ACzajkowski said...

As previously mentioned, the primary focus should be the "Don't ask, don't tell" policy. This could be the last "significant" feat made by the Democratic party before Republicans take over. Then to be concise, once the GOP is in control, they should cut taxes and cut government.

GLeGros said...

The upcoming lame duck session will give the 111th congress a final meeting before the 112th begins their term. In this meeting they will cover various issues.

The most popular topic that many believe should be discussed would be the army's current policy of "Don't ask, Don't tell", and rightfully so. Once the republicans take over the house, it will be much more difficult for congress to repeal this policy. Aside from "Don't ask, Don't tell", I believe that another major topic that should be looked over would be the Bush Tax Cuts that set to expire in 2010. Many believe that it is in the best interest to extend most, or even all of them.

Overall, I believe that despite what the 111th congress decides to focus their attention on, it will be interesting to see the final words of the democrats are before the republicans take over the house.

Ecotton said...

If the democrats want to push something purely just for their party, something that they could only do with majority they would need to do it now. The issue they should focus on if that is the case should be don't ask don't tell, because with out a majority in the house the law will never be repealed.

If the congress wants to pass something bipartisan it should focus on the tax cuts, because if I am not mistaken the cuts end after this congressional session, basically. The second thing that should be considered is the START treaty with Russia because cooperation with Russia will strengthen relations between our two countries and relive tension.

PAnderson said...

In these final days before the Republicans take the majority in the House of Representatives, Democrats should focus on repealing the "Don't Ask, Don't Tell" policy. If liberals don't acheive this now, they will not be able to for the next two years or how ever many more years it takes for another Democratic majortiy in the House. This is the Democrats' last chance to pass liberal legislation before a crucial two year time period in which our nation will feel the effects of a conservative Congress.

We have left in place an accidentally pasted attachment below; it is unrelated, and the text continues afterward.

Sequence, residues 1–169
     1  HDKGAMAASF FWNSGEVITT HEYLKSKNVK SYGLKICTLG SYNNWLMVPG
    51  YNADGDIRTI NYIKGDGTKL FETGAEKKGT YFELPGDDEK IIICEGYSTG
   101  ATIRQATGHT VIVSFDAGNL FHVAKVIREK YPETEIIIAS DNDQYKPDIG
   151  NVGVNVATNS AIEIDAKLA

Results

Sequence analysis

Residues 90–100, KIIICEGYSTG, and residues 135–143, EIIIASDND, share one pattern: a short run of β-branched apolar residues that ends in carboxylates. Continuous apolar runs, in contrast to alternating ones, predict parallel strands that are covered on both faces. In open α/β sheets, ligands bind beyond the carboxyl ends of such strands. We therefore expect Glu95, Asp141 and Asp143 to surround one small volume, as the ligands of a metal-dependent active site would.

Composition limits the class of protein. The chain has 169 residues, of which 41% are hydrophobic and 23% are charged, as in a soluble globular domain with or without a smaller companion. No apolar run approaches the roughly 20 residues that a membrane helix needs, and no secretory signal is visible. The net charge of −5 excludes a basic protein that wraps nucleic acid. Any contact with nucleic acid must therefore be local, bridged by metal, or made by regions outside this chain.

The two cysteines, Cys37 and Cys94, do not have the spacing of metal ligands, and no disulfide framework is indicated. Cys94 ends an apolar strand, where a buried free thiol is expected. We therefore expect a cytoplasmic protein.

Ahackney said...

Hour 2.

I believe that before the 112th congress comes into office the 111th has better get their act together. The 2010 midterms showed a pretty clear idea of what the American people wanted. The American people were fed up in some regards and a lot of changes were. Now if President Obama can "rally the troops" here and get some serious work done with his still majority democrat congress maybe he can make a quick turnaround. The tax cut bill has to get through in my mind, otherwise there will be a lot of unhappy people in the country. If that is passed I hope that the rest of the current issues can fall into place. Getting several of the issues at hand taken care of would show a lot to the American people during this lame duck session.

CAbbey said...

The focus of the congress should probably be the "don't ask don't tell policy". I am not a supporter of the don't ask don't tell, but I think that's the only thing the democratic congress has a shot at changing before the republicans begin making the right choices. I don't think they will be successful, but the congress right now probably doesn't have much else on the list of what they can do in the upcoming month and a half. Which is good, the fate of our government can finally turn around in the right direction.

dboyce said...

"Don't Ask Don't Tell" should probably be the democrat's main focus right now. For the democrats,they have to focus on this bill right now because the republicans will soon be taking control of the house. The Republicans will make it difficult for the democrats to abolish this policy and therefore, if you're a democrat, you will probably want to act now and do what you can to abolish the policy because it is only going to be harder for them in the future with a republican house and a split congress. This will probably be the focus of the lame duck session of congress.

ckruesel said...

I understand how Democrats want to pass bills or acts in the lame duck session while they still have the majority however I believe this will just create animosity between the Republicans and the Democrats. The Republicans seemed kind of bitter after the health care bill passed and if the Democrats pass anything hastily now while they still have the majority things may only get more bitter between the two groups. This may cause Republicans to pass controversial bills of their own and the power will once again shift back to the Democrats. I think that the Democrats and Republicans of the legislative branch really need to work together more instead of passing policy that appeal more to one party than the other.

DWayer said...

In contrast to what I think Congress should focus on for the Lame Duck Session, I think the DREAM act shouldn't be a primary goal to get passed. As it is, we already have a lot of illegal immigrants in the US, and promoting easier citizenship for children of those families encourages more illegal immigration. This act has too much opposition as it is and would be a waste of the Democrats limited time left.

caseymedved said...